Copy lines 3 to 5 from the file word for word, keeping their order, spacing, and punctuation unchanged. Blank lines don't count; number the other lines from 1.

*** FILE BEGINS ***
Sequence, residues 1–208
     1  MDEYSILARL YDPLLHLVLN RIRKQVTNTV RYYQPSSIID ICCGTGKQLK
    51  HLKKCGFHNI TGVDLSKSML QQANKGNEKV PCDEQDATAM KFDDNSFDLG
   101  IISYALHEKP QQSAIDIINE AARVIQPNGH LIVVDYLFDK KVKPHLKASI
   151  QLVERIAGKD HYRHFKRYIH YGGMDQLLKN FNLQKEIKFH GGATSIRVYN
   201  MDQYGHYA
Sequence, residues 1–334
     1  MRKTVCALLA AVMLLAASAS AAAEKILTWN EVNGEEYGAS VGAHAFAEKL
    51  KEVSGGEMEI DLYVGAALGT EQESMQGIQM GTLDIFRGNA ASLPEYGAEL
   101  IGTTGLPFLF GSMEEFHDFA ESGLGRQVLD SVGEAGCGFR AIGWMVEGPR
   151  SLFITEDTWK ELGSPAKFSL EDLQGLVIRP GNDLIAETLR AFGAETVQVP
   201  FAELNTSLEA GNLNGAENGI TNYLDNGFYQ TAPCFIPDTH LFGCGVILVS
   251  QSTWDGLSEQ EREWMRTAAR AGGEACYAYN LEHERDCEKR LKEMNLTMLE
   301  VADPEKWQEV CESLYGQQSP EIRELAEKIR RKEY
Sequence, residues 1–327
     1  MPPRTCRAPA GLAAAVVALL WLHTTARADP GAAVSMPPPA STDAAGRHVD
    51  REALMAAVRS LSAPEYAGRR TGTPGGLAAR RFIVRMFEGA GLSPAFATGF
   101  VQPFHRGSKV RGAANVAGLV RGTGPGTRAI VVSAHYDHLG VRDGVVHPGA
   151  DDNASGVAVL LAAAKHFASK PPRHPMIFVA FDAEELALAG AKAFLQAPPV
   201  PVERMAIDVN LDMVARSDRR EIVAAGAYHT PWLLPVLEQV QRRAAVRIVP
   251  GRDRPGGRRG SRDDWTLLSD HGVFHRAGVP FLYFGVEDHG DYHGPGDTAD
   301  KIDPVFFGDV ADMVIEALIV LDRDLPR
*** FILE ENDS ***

    51  HLKKCGFHNI TGVDLSKSML QQANKGNEKV PCDEQDATAM KFDDNSFDLG
   101  IISYALHEKP QQSAIDIINE AARVIQPNGH LIVVDYLFDK KVKPHLKASI
   151  QLVERIAGKD HYRHFKRYIH YGGMDQLLKN FNLQKEIKFH GGATSIRVYN